If you recently battled a cold or other illness like a mouth infection, germs hiding in your toothbrush could cause reinfection. You need to change your toothbrush even if when it's relatively new, and the bristles are still intact. The same applies to when someone accidentally uses your toothbrush. Don't be tempted to rinse and continue using it as this exposes you to germs and bacteria from that person's mouth.
We advise clients to rinse out their brushes thoroughly after use and store them in an upright position, so they air out before the next use. Use a standard toothbrush holder with individual slots to avoid close contact, which would transmit the flu and cold viruses among toothbrushes. A toothbrush kit comes in handy when traveling as it protects the bristles from flattening, but you must air-dry your toothbrush before putting it back.
- Eat Healthy Foods
Complete oral care goes beyond brushing and flossing your teeth daily. The food we eat plays an integral role in keeping your teeth and gums healthy and strong enough to withstand the forces of chewing. Our experts at Washington Dental routinely encourage clients to add the following foods to their diet:
- Fruits and vegetables – these foods are high in fiber, which sort of washes the teeth during the chewing process. Apples, cucumbers, and celery are beloved for their texture and water content, and they naturally clean your teeth! The high water content found in juicy fruits and vegetables offsets their sugar levels, so it doesn't become problematic for your teeth.
- Water – you must keep your body hydrated at all times so you can have enough water in your saliva. Optimum levels of water can negate tooth decay and neutralize bacterial acid in the mouth. More so, water can wash down food debris and remove stains left by colored foods and drinks like coffee.
- Fish – fatty fish like salmon are laden with vitamin D, which promotes the absorption of calcium in our bodies. Calcium, in turn, keeps the teeth and gums healthy
- Dark chocolate – this sweet snack has Cocoa Bean Husk (CBH), which is known to strengthen teeth and inhibit the development of plaque. CBH makes teeth less prone to decay. We advise you to eat chocolate in moderation and brush your teeth after consumption.
- Oranges – citrus fruits like oranges and grapefruit are a great source of Vitamin C, which bolsters blood vessels and connective tissue. If you suffer from gum disease, consuming oranges can slow down the inflammation. Citrus fruits have high acidity, so wait for at least thirty minutes before brushing your teeth.
- Green tea – the Polyphenols found in green tea suppress and kill bacteria found in the mouth. Consider taking green or black tea during or after meals so these compounds can interact with bacteria.
- Cheese – this dairy product is an excellent addition to your diet as it helps to fight enamel erosion caused by acidity. Consuming cheese as a dessert counters the acidic effect left by bread, soda, and other acidic foods that we incorporate into our meals.
There are many other kinds of foods that you can add to your diet, but there are also foods that you must consume in limited quantities. Research deduces that overeating carbohydrates during the day make one increasingly susceptible to cavities. The bacteria in your mouth are activated each time you ingest such foods, and they start producing acid, which softens the enamel.
Constantly snacking or sipping sugary drinks throughout the day provides food for bacteria to thrive in your mouth. Limit acidic drinks like fruit juices, carbonated soft drinks, etc. as they produce acid that softens the enamel and dissolve minerals in your teeth. When this process happens over time, your teeth become susceptible to caries and small holes that eventually become cavities that are excruciating trigger pain.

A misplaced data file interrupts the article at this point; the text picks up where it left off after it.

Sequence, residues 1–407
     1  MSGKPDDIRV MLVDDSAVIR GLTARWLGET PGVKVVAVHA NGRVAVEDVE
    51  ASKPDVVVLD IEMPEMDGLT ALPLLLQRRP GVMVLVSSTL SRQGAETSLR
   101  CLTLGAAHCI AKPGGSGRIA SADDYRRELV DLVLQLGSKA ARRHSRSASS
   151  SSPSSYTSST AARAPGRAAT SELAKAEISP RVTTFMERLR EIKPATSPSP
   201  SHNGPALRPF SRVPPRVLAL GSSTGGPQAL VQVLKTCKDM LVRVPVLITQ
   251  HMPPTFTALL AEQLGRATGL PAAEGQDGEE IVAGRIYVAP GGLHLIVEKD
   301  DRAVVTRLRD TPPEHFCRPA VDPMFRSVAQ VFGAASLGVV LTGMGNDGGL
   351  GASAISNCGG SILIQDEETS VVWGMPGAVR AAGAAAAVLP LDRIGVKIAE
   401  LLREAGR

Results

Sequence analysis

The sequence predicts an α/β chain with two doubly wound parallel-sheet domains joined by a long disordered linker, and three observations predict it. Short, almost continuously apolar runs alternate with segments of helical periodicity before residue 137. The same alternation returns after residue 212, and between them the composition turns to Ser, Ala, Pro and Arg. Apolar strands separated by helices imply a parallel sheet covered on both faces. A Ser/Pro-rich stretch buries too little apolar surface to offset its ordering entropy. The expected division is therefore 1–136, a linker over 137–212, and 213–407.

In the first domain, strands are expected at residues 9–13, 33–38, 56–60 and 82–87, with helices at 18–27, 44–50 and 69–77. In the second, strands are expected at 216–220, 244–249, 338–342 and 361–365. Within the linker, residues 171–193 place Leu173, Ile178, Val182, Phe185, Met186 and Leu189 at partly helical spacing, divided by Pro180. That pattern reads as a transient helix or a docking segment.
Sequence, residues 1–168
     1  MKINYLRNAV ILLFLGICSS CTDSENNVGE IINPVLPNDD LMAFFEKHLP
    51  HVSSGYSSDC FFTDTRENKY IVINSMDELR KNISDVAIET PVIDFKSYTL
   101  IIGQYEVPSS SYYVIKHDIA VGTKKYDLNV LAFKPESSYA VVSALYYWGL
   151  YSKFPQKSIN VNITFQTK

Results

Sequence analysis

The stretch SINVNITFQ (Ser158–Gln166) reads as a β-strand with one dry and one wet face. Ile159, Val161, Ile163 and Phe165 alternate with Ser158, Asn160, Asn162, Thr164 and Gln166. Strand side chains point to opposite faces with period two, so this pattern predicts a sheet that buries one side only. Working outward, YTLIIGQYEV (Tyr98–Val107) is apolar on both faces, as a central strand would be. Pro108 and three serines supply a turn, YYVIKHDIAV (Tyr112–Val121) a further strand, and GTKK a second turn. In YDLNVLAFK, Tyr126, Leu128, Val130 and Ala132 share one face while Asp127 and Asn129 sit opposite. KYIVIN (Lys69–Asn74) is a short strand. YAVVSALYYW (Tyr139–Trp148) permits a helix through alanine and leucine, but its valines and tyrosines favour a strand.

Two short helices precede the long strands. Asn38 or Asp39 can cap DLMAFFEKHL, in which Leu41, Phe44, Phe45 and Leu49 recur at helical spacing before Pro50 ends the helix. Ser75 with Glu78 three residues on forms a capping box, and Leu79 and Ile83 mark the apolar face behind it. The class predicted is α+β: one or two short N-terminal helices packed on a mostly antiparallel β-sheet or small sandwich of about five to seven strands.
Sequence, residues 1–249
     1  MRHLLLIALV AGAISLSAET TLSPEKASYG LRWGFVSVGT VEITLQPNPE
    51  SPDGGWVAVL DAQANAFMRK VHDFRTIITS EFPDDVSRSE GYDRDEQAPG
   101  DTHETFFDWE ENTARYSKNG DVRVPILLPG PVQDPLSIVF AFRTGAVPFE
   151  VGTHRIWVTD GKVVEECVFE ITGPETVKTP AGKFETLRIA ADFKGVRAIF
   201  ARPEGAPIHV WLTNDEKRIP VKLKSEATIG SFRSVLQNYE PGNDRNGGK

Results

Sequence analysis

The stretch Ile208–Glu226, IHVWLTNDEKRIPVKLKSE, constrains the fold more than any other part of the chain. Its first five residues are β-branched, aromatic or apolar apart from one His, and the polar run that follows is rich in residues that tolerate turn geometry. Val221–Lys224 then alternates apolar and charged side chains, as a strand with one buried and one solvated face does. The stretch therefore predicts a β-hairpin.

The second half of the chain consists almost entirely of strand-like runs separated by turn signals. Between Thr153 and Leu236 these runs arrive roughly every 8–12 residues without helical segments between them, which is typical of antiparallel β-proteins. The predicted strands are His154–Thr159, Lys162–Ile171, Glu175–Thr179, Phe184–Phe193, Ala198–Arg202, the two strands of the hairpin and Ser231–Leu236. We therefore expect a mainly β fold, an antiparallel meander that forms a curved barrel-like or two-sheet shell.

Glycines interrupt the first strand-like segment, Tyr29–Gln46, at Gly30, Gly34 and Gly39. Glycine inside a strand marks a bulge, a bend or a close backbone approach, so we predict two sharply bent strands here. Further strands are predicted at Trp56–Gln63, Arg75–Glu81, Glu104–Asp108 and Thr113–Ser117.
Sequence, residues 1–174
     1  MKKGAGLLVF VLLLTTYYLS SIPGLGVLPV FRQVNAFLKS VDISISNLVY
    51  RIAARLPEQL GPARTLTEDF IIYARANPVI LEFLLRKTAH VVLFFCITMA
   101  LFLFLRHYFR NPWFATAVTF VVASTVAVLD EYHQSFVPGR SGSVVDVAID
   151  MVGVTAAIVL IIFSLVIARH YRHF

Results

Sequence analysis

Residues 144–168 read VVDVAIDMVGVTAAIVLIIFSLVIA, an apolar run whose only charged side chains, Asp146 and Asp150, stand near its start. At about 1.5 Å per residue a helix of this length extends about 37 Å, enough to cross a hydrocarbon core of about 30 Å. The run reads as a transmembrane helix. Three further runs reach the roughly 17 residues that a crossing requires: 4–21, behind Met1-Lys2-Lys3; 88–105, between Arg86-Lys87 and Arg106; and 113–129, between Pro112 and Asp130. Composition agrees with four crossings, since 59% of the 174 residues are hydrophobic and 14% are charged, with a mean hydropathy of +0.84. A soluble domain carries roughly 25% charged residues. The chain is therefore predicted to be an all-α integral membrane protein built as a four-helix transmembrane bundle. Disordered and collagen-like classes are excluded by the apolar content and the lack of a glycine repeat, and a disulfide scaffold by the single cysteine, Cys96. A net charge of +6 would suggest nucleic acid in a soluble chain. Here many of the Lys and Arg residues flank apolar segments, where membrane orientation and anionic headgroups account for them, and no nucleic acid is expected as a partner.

In extreme cases, the damage extends beyond the gum line, leaving you with gaps and a bad bite. Starchy foods like pasta, crackers, potato chips, and so on linger in the mouth and start breaking down into simple sugars that feed bacteria. Colonies of bacteria produce acid, which then promotes tooth decay.
- See a Dentist Regularly
Visiting the dentist doesn't come naturally to many people, but these visits can save your teeth from severe problems like extreme tooth decay. Washington Dental recommends that you see a qualified dentist every six months for a thorough exam of your teeth and gums. The dentist will clean your teeth and remove plaque and hardened tartar that may have formed despite maintaining a proper oral regimen.
They will inspect your teeth for visible signs of a cavity, mouth cancer, gum ailments, and other oral issues that need professional attention. If need be, the dentist will perform X-rays to identify areas with cavities. Refusing to see a dentist is detrimental to your oral health as simple problems could escalate and become harder to solve. For instance, a small hole could expand so much that performing dental restorative procedures like fillings or crowns are not feasible.
- Oral Care for Babies
The above tips are ideal for growing children, teens, young adults, and seniors. Babies need proper oral hygiene so they can develop sharp milk teeth and maintain healthy gums. Start with wiping gums with warm water daily even before teeth start sprouting to remove sugars.
Do not allow your baby to take juices at night as they contain sugars that can trigger decay. They can seep water from sippy cups in between meals for hydration purposes and to promote better digestion. Train your children to brush their teeth with a soft baby toothbrush and monitor them to ensure they don't swallow toothpaste.
Parents should refrain from sharing utensils with children, including cleaning pacifiers with their mouths. Lastly, take your child to see a dentist every six months.
Find a Experienced Dentist Near Me
Taking care of your oral health is imperative for everyone right from an early age. You need to find a qualified dentist to help you maintain clean and healthy teeth, through routine checkups and therapeutic procedures. Washington Dental has fully-equipped offices to cater to clients' needs and help them realize the goal of healthy teeth and gums. We are more than happy to welcome you to the fold, so don't hesitate to book an appointment by calling our offices in Torrance, Lomita, Downtown Los Angeles, and Carson.